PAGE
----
One of the most amazing things about visiting Ireland is that no matter where you go, there is an adorable village, historical site or scene of natural beauty waiting for you. There are not many places in the world that I have found that offer as much in such a small space as Ireland does. The hidden gems in Ireland are everywhere, just waiting to be discovered.
In my many years of visiting Ireland, I have stumbled across quite a few stunning places in Ireland off the beaten path. Some of these have now become more popular (ahem Skellig Michael aka from Star Wars fame), but there are still so many more out there. Below I share some of our favorites in this beautiful country thus far with a few that are still on my wishlist to visit!
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The Best Way to Discover Ireland Off the Beaten Path
The best way to discover Ireland off the beaten path is to rent a car. I know that many visitors to Ireland feel nervous to drive on the other side of the road, but overall I will say that it is quite doable. In my planning a trip to Ireland post, I outline all the important things to consider when renting a car in Ireland and driving there. A brief summary – automatic cars are more expensive than stick shift, US credit card insurance policies don’t always work in Ireland and the country roads can be quite narrow, so plan more time than you think you will need.
Ireland is a small country and in recent years more and more motorways are being developed making getting across the country quickly much easier. However, it is on the narrow roads that you find the best hidden gems in Ireland. Our recommendation is to plan one part of your road trip taking the small roads and return to your starting destination using the larger highways as a quick way to finish your visit!
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Top 20 Hidden Gems in Ireland
For most people a trip to Ireland is not complete without a visit to the top tourist spots on the island like the Ring of Kerry in County Kerry, the Cliffs of Moher or even the Giant’s Causeway in the north. While all of these are spectacular sights well worth any visit, there is so much more to Ireland as well as a multitude of destinations that offers similar astounding natural beauty, rich history and intrigue – they just haven’t been discovered by the masses just yet! Read on as we share some of our favorites from both Northern Ireland and the Republic of Ireland.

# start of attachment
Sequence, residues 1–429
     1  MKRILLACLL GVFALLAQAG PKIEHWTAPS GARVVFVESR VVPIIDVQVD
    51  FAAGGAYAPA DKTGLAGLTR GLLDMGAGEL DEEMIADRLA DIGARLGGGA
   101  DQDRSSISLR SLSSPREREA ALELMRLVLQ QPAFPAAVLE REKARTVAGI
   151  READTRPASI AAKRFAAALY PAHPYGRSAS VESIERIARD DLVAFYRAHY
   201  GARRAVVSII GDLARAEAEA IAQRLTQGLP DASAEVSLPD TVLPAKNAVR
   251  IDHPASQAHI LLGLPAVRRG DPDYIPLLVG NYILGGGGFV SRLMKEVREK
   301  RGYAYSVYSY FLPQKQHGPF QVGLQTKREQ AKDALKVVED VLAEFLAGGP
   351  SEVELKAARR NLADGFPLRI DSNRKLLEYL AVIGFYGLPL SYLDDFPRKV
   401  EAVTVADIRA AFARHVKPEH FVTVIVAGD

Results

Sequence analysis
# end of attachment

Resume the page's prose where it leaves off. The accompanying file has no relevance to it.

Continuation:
Stay at the Luxurious Killeavy Castle Estate
One of the things on most people’s wishlist for a visit to Ireland is to stay in a castle. While Ashford Castle is the big daddy of all castle stays in Ireland, it also comes with a very hefty price tag! Instead, why not grab a few friends and consider renting out Killeavy Castle Estate. This 4 bedroom castle can be rented out for around 2,000 pounds per night, which when you have 4 couples or a group of friends isn’t much more than a stay in a boutique hotel. Located only an hour from both Dublin and Belfast, this is a great choice for Ireland off the beaten path.
Hike to Slieve Gullion in the Ring of Gullion
For fans of Irish history, these Ireland hidden gems are a must visit. Have you heard of Newgrange in Ireland? It’s a very popular 5000 year old ancient site that is very difficult to get into as you need a booking. Why not check out an Ireland off the beaten path alternative at Slieve Gullion. While Slieve Gullion doesn’t compare in its grandeur, it does provide a unique opportunity to visit a passage tomb. The passage tomb at Newgrange is situated so that when the sun rises on the winter solstice, the inner chamber is lit up. Here at Slieve Gullion, the 5000 year old passage tomb’s inner chamber is lit up at sun set on the winter solstice.
Slieve Gullion is perfect for nature lovers as the only way to access the passage tomb is by hiking. There are multiple trails to the top, but a quick and relatively easy climb (and it is a climb just FYI!) up is from the top parking lot on the 8 mile scenic drive at the Slieve Gullion Forest Park. A marked trail leads to the south summit of Slieve Gullion, where there are spectacular views from the top of the mountain across the Ring of Gullion and the Mourne Mountains. For the best experience, considering hiring a local guide. We loved Brian from Mountain Ways Ireland. Slieve Gullion works well with a stay at Killeavy Castle mentioned above.
Kayak to Devenish Island in County Fermanagh
Ireland is filled with ruins from old castles to monasteries and everything in between, so what makes Devenish Island special? Well, the fact that this island is only accessible by water means that it is much less visited than other sights, but that it is also surrounded by beautiful waterways! On our recent visit to Ireland, we visited this magical island by kayaking from Enniskillen.
Kayaking in Ireland? Yep, it’s a thing and something that should be on every Ireland bucket list. County Fermanagh (pronounced fer-MAN-ah), located in Northern Ireland is the lakelands area where up to 30% of the county is waterways, so it only makes sense to see attractions in this area via the water.